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pcovers 12-26-2003 06:36 PM

Statins: Awfully compelling evidence...
 
The following quote is from:

[i]Lipids Online: Educational Resources in Atherosclerosis[/i]

[b]Several large-scale, controlled, randomized clinical trials have provided evidence that statins are effective in reducing CHD events in both primary- and secondary-prevention populations. Their efficacy in CHD risk reduction is truly impressive. Nonfatal myocardial infarction and CHD death were reduced by about 25-40% after just 5 years of treatment; ischemic events requiring hospitalization were reduced by 26-36% after just 18 months of statin therapy. All the statins studied demonstrated the ability to reduce CHD risk—lovastatin in the Air Force/Texas Coronary Atherosclerosis Prevention Study (AFCAPS/TexCAPS), simvastatin in the Scandinavian Simvastatin Survival Study (4S), and pravastatin in the Cholesterol and Recurrent Events (CARE) trial, Long-Term Intervention with Pravastatin in Ischaemic Disease (LIPID) trial, and West of Scotland Coronary Prevention Study (WOSCOPS). Neither the Atorvastatin versus Revascularization Treatment (AVERT) nor Myocardial Ischemia Reduction with Aggressive Cholesterol Lowering (MIRACL) trial showed significant reductions in hard CHD endpoints; both were short-term trials and not powered to show such a difference. A trend toward benefit on CHD events was shown in the Lipoprotein and Coronary Atherosclerosis Study (LCAS), but this angiographic trial was not powered for clinical events; the effect of fluvastatin on CHD events is being studied in the ongoing Lescol Intervention Prevention Study (LIPS) and Assessment of Lescol in Renal Transplantation (ALERT). The available data suggest that CHD risk reduction by statins is a class effect and that the LDL-C reduction is the key event driving the change in risk.[/b]

What makes these studies and their results impressive is that they are "end point" studies. That is to say, they base the results on endpoints, such as heart attack or death, not simply a hypothesis about the potentials based on assumed relationships.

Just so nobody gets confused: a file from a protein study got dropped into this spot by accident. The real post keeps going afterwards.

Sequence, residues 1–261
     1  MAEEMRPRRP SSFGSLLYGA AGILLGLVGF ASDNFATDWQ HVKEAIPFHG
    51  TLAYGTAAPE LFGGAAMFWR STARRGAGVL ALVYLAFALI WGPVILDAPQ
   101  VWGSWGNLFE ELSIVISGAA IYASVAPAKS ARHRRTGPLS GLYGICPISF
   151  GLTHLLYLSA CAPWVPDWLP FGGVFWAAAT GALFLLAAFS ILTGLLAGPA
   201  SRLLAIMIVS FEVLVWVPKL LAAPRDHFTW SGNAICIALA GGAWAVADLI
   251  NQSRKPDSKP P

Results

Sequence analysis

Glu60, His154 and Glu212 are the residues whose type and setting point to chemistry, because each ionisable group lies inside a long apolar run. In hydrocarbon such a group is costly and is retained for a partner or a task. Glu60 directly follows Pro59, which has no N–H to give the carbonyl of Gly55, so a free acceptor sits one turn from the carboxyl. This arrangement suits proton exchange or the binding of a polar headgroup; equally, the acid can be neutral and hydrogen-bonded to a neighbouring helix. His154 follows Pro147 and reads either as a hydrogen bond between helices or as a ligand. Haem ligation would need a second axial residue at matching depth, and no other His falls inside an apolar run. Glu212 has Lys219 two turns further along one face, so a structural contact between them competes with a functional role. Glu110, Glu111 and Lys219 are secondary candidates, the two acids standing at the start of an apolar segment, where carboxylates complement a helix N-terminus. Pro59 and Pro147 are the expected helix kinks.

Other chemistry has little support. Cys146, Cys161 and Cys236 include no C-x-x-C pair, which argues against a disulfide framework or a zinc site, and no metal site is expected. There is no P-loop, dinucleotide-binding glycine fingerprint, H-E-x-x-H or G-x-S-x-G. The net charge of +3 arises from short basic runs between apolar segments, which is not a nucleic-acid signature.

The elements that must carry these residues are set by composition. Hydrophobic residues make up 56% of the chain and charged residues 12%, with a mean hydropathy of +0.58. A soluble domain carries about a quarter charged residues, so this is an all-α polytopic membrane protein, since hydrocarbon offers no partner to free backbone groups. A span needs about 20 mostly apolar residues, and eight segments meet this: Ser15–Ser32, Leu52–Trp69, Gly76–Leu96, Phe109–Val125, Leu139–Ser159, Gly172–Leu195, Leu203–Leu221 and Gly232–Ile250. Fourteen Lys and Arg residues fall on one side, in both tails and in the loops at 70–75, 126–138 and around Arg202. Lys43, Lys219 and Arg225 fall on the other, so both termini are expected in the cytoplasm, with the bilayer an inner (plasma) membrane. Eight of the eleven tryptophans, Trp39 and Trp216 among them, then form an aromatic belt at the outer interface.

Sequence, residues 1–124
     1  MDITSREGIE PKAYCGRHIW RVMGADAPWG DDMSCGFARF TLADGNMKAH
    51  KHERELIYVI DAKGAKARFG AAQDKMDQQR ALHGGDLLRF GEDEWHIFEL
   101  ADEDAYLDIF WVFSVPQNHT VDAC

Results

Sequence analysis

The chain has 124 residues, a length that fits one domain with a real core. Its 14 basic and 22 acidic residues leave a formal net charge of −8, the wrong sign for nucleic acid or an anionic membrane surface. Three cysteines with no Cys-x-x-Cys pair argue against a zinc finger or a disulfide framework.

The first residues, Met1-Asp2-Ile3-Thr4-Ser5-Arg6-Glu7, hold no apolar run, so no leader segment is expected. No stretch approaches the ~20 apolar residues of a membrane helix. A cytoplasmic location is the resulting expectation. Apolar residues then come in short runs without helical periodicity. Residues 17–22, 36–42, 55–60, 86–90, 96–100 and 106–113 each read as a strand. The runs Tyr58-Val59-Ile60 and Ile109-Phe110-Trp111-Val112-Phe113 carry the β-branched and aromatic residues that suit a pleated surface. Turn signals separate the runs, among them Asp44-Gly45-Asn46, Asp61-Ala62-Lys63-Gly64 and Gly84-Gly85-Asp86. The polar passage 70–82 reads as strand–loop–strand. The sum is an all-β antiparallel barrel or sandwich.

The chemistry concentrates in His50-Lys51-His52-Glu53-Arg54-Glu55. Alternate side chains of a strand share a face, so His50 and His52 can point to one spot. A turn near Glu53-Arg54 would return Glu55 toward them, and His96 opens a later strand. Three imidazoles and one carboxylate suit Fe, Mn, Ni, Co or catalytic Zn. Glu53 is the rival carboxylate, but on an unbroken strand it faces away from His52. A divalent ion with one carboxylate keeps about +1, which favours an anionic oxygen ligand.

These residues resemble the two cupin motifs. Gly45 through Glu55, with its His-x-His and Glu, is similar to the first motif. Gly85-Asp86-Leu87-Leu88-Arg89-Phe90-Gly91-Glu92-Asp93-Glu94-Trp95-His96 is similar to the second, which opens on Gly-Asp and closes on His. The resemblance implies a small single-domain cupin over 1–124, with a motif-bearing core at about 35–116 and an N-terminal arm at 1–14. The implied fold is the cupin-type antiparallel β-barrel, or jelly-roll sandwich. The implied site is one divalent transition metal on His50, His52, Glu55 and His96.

There is no panacea, and there are money interests, to say the least. However, these studies cover several different statins on thousands and thousands of patients with many hundreds of academic researchers involved. The data are impressive.

ARIZONA73 12-26-2003 08:23 PM

Re: Statins: Awfully compelling evidence...
 
Have you even bothered to read the article in Smart Money Magazine about the consequences of taking these drugs? It is by far, most compelling.

pcovers 12-27-2003 05:04 AM

Re: Statins: Awfully compelling evidence...
 
[QUOTE=ARIZONA73]Have you even bothered to read the article in Smart Money Magazine about the consequences of taking these drugs? It is by far, most compelling.[/QUOTE]
It is a good article. Much of the problems associated and written about concerning statins are CoQ10 related. Take CoQ10 and that problem is solved. Some do have muscle aches and muscle problems. For me, were I to experience such problems on statin and not while off statin...I would use my common sense and not take the statin.

However, when you have had a heart attack, or been diagnosed with CAD, the [b]most[/b] compelling consequence of concern is an "end point" event. I wish there were similar evidence associated with fish oil, policosanol, gugul, flax, vitamins (most all of which I take), but there is no similar evidence tied to "end points" for these substances. There is theory and hypothesis tied to these substances. There is clinical, double blind, controlled study, peer reviewed evidence that statins do in fact significantly reduce "end point" events, not just reduce cholesterol.

I wish it weren't so, but it is.

zip2play 12-27-2003 05:26 AM

Re: Statins: Awfully compelling evidence...
 
I too am worn out following all the leads to lower this that and the other risk factor in the hoipe that last month's news was pertinent (like margerine to unclog hard arteries).
I am doing Co-Q10, cod liver oil, lecithin, pantothenic acid, folic acid, a zillion blood pressure medications....judiciously working to control my weight, and walking everywhere (given up car.) and even planning angiography in the next month. I regularly test my blood lipids, homocysteine, C-Reactive protein, liver enzymes and creatine phosphokinase.

All this is nice and is certainly adding to my overall health but IMHO it is only the Lipitor that I am taking gives me some assurance that a lump of plaque might be discouraged from moving someplace untoward and killing me on the spot. If I get a sore knee....so be it! If a lifetime of plaque can be reduced one iota instead of increased, I raise my glass.

(I must be the only one on earth that CANNOT get that article out of SMART MONEY...even the November issue yields up only Esperion's new cholesterol drug!...ca va...THE LIPITOR DILEMMA search yields only THE MICROSOFT DILEMMA)...I swear I've read 2 dozen articles this morning!

ARIZONA73 12-27-2003 07:34 AM

Re: Statins: Awfully compelling evidence...
 
Zip2play,